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Thursday, 28 November 1974
Page: 2907

Senator PRIMMER (Victoria ) -I present the report and transcript of evidence of the inquiry by the Standing Committee on Foreign Affairs and Defence into the adequacy of the Australian Army to perform its necessary part in the defence of Australia.

Ordered that the report be printed.

I move:

That the Senate take note of the report.

In considering the matter of the adequacy of the Australian Army the Committee has attempted to review and assess the efficiency and capabilities of the Army at the present time and for the years immediately ahead. The terms of the reference have been taken to include not only consideration of the size and structure but also a range of factors relating to the Army's capabilities, efficiency, competency and professionalism. Although we have focused our attention primarily on the Army we have been acutely aware that the Army's part in our defence cannot be isolated from the overall effort which involves all 3 Services. Accordingly we have referred to each of the Services and have recommended various courses of action which affect them. The Committee has been conscious also of the need to view the Armed Services' role in the defence of Australia in the much broader context of the social, economic and political determinants of national wellbeing.

The Committee's report comprises 3 broad parts. In the first the Committee considers Australia's strategic situation together with other considerations and constraints relating to the practical problems of defence planning. We have aimed in this part to highlight the principal features which affect Australia's defence policy and hence determine the scope of the overall defence effort required of the 3 Armed Services within the context of our total national capacity- in other words, to formulate our views concerning the nation's overall defence requirements. The second and by far the greatest part of the report concentrates on the Army as a whole. In this section we have considered and recommended various courses concerning the organisation and capabilities of the Army, its arms, equipment and manpower, and the support which is provided by the Royal Australian Navy and the Royal Australian Air Force. Higher command and control problems have also been examined, together with the problems which confront the profession at arms in peacetime. Our conclusions and recommendations are summarised for convenience in the final part of the report. Although I do not wish to speak at length at this stage, I believe the Committee's recommendations are worthy of close consideration by the Government. We feel sure that the report, which has the unanimous agreement of the members of the Committee, will promote considerable debate in a variety of forums, including this chamber. We look forward to such debate.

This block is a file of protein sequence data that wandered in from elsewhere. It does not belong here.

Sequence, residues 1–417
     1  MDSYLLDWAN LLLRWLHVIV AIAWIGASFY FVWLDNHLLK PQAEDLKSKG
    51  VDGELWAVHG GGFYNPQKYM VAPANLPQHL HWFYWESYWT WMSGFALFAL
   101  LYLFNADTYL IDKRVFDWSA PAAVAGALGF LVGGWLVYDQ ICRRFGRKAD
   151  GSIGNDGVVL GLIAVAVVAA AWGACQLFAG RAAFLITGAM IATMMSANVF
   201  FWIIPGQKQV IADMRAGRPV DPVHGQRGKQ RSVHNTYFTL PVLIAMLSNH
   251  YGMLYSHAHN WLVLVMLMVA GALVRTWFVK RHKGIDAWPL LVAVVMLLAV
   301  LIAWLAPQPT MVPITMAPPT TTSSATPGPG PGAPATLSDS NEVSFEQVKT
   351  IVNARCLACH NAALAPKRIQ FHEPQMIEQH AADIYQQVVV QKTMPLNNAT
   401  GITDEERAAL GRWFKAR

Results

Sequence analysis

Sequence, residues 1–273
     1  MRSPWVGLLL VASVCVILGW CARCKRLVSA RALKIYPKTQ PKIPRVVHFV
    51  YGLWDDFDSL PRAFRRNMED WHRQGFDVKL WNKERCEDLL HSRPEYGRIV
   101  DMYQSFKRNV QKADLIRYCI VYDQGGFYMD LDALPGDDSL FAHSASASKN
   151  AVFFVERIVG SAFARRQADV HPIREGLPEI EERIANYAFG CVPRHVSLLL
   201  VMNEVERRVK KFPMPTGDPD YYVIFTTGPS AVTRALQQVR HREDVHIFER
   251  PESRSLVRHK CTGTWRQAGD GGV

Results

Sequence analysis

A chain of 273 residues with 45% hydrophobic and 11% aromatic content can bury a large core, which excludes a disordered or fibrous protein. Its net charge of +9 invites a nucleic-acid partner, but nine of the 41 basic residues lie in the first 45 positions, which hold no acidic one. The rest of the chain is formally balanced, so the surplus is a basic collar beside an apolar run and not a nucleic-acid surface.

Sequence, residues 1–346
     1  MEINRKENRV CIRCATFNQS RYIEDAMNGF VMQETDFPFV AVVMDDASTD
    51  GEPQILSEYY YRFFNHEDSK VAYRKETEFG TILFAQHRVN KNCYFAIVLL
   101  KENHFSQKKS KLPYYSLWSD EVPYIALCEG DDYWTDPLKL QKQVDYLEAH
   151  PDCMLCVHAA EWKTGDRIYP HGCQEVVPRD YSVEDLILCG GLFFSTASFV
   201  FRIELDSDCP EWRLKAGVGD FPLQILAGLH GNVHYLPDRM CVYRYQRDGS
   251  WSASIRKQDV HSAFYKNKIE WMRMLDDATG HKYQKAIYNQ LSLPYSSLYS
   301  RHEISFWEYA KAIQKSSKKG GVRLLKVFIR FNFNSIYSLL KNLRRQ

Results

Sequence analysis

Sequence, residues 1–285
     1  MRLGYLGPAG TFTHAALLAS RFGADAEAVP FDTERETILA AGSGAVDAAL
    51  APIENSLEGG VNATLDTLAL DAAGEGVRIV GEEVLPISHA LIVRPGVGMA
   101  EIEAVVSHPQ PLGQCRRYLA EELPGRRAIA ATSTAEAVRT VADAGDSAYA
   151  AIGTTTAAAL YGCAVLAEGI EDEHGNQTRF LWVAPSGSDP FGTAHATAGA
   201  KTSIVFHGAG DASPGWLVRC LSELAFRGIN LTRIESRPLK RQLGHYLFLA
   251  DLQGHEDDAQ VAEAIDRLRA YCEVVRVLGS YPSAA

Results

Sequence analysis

On behalf of the Committee I wish to express sincere appreciation to the many individuals and organisations who presented evidence to us and who assisted with the inquiry in a host of ways. The Committee is appreciative of the specialised advice which was provided by Colonel J. A. Warr throughout the duration of the inquiry. Finally, special mention should be made also, I believe, of my colleague, Senator Drury, who chaired the Committee from the commencement of the inquiry through to the final stages of the preparations of the report prior to leaving in August for the United Nations. I commend the report to the Senate.

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